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Moora’s Carnaby crusaders

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Approaching the north end of Moora, the home of Carnaby crusader Wally Kerkhof is easy to spot. If you somehow manage to overlook the nesting logs set high in the sky, or gum trees laden with the imposing large grey-black cockatoo, the sound of bird calls emanating from his backyard and Carnaby hide will soon draw you in.

Wally and the Kerkhof Carnaby Group have had great success in increasing the population of Carnaby’s Black Cockatoo (Calyptorhynchus latirostris) in Moora and surrounds, from merely a dozen pairs in the 1980’s to approximately 100 breeding pairs this season. This is thanks to the artificial nesting logs designed and built by Wally to replicate the breeding areas lost to the birds through habitat destruction.

Wally spent twenty-six years single-handedly working to restore the Carnaby population, and cultivating a love of nature with a devotion to all birds that is incredible – foraging in the bush for hours to source appropriate food for different species, and even feeding baby birds by mouth himself to ensure their survival.

“I’ll give you an idea of much Wally loves the birds,” says Wes Porter, Kerkhof Carnaby Group member. “I went to his house one day and he had a tin of dog food open on the table. I said ‘Oh, who do you feed that to?’. Well, he was eating it himself! Going without food and eating dog food because it was cheaper! That’s just how passionate he is about the birds. It didn’t kill him,” Wes laughs.

Maintaining this level of commitment to a cause can take a toll, both emotionally and financially, and this was noted by Wally’s friends. They decided to step up their support, but in a more official capacity with the creation of the Kerkhof Carnaby Group.

“The group was formed in 2011,” explains secretary, Topsy De Vries. “Wally was running short of funds to feed the birds. A few of us around Moora started to organise fundraising events. We became a constituted group within a few years and it’s grown from there. Each year we raise enough money to help with the food and to help with the nests,” said Topsy.

“I needed a group,” admits Wally. “Dr Nathalie Casal from Perth was our first, and only sponsor, for the first three years. She would bring up $1500 worth of seeds every year.”

Altruistic causes that achieve the level of success that Wally and the Kerkhof Carnaby Group have done quite often have the backing of a wealthy philanthropist, people with the means and connections to make a difference. Wally has had none of those. Indeed, his extraordinary start to life could have set him on a very different track.

“I was born in Scotland, my mother was Scottish and my father; well he couldn’t marry my mum – he was a priest!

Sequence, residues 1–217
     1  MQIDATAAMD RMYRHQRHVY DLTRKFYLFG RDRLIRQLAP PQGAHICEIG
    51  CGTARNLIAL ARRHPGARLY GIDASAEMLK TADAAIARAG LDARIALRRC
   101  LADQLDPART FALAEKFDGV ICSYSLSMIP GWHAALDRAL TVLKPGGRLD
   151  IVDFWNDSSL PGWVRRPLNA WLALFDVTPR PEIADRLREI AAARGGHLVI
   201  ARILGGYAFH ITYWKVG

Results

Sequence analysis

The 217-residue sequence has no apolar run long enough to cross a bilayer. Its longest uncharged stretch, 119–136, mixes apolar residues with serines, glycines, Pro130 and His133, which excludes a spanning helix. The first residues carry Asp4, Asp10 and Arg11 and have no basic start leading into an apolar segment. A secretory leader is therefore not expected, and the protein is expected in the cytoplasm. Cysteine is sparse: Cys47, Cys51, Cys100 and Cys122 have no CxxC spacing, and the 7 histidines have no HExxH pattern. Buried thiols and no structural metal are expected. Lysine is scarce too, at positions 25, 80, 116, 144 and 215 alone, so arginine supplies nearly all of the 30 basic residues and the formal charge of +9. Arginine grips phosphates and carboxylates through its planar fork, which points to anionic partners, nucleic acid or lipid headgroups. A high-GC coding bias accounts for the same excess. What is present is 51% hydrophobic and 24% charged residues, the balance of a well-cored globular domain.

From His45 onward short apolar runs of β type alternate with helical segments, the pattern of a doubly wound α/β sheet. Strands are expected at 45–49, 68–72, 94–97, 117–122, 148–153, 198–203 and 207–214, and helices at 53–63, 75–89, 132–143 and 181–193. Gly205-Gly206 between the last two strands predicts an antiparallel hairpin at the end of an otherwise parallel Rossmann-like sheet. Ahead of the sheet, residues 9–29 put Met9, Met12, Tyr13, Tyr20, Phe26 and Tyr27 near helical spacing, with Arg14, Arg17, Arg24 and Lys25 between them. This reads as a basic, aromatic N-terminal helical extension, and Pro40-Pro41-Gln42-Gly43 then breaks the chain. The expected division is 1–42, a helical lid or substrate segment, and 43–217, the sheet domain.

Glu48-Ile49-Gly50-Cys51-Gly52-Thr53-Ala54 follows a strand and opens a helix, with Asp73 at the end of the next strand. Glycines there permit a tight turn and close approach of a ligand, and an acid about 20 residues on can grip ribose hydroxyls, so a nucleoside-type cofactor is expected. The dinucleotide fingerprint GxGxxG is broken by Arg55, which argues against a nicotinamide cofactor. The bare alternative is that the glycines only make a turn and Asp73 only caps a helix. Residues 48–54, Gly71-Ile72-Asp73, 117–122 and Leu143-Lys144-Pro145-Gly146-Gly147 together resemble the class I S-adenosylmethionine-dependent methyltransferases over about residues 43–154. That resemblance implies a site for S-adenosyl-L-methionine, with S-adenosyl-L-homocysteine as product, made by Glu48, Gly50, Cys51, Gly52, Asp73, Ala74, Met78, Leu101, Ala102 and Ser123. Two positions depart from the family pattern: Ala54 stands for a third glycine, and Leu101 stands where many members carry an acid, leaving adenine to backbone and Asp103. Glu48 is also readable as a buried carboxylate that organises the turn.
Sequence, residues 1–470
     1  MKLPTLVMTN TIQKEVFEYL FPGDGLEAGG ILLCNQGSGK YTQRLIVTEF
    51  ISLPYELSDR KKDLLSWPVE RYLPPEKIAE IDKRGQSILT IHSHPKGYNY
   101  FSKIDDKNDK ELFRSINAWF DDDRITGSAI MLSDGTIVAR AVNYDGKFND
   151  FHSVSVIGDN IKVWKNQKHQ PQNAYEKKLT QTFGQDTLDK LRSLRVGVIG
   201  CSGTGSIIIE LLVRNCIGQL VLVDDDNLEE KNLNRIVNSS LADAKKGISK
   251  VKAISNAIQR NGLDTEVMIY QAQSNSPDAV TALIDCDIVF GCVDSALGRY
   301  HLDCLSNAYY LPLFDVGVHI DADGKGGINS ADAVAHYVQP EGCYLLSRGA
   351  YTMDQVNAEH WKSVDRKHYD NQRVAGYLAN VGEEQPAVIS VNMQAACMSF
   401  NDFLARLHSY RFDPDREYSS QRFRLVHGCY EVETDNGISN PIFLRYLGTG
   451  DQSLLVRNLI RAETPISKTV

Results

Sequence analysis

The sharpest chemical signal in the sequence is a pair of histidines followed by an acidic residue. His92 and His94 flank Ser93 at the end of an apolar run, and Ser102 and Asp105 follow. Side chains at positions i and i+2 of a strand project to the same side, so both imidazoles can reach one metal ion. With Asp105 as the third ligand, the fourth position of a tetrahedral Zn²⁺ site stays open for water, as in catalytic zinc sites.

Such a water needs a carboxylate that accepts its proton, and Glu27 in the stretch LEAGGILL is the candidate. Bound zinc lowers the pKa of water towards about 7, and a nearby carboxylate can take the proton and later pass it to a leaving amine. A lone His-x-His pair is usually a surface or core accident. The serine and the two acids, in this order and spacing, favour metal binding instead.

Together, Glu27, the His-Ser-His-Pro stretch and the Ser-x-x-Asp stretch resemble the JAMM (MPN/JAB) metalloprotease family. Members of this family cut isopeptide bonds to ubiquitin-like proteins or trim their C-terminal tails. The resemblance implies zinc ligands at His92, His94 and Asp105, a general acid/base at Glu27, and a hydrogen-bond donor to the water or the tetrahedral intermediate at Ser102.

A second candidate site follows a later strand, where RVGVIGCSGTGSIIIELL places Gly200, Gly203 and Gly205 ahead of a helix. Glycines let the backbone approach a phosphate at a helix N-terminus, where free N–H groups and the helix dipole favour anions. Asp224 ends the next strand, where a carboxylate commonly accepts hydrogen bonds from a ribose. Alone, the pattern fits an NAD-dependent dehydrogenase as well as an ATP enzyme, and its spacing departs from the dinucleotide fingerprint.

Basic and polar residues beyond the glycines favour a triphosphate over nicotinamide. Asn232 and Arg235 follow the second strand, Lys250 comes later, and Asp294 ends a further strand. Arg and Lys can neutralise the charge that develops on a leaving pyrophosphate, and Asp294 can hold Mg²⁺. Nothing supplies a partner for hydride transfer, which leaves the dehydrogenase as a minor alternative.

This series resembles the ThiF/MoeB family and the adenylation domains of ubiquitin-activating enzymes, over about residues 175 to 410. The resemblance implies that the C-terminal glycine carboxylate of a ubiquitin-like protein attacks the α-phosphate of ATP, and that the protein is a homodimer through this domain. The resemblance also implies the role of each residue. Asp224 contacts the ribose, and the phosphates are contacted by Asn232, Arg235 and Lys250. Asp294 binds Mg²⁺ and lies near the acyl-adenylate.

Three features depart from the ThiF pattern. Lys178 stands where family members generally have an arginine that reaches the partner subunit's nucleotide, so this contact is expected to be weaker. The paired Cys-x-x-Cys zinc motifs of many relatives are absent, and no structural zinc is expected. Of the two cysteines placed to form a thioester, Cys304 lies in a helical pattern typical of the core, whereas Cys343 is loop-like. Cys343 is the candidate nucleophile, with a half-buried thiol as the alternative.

“There was a little girl that my mother handed me over to and said ‘Can you look after my wee bairn?’. She never returned. The young lady could no longer afford to look after me so I was taken to the police and then an orphanage,” he explains.

Wally was one of thousands of disadvantaged children shipped abroad by the UK government in a resettlement scheme that ran from 1945-1970.
“Luckily,” says Wally, “I landed in WA.”

Wally’s knowledge of the ecology of the land where he lives is immense and full of the intricate detail you can only acquire from thousands of hours of on-the-ground study.

“It all started when I was kid,” says Wally. “You will learn more from observation and being hands-on than you will from all the text books in the world.”

His decades of observation have raised concerns about the decline in all bird species and numbers.

“I remember in the 50’s and 60’s you would see all sorts of birds – and not in ones or twos; large flocks. That’s not the case anymore.
“If I can save one species, without interfering with it, without putting it in captivity, then I have done well,” says Wally.

The Carnaby population in the Moora townsite is now steady, and any new nesting logs will only be established in the surrounding areas. The Kerkhof Carnaby Group do have other big plans for Moora in the future – quite literally!

“We are wanting to build a Big Carnaby statue,” explains Topsy. “We want Moora to be known as a Carnaby town and to do that we need funds, and local artists to come up with ideas.”

If you can help the Kerkhof Carnaby Group either in their quest for a big Carnaby, with donations to help the birds or can help the group acquire a small cherry picker and crane for their nesting log projects you can contact secretary Topsy on 0427 343 968.

In recognition of his services to the Carnaby population, Wally has been nominated for a 2019 WA Landcare Award. The winner of which will be announced at the Landcare Awards Gala Dinner in Mindarie on October 4.

“I’m not interested in accolades as such – unless there’s money attached that can help the birds,” says Wally.
He adds, cheekily, “Accolades are something I have to pick and dust every day, I’m sick of it. I’m too fastidious around the house!”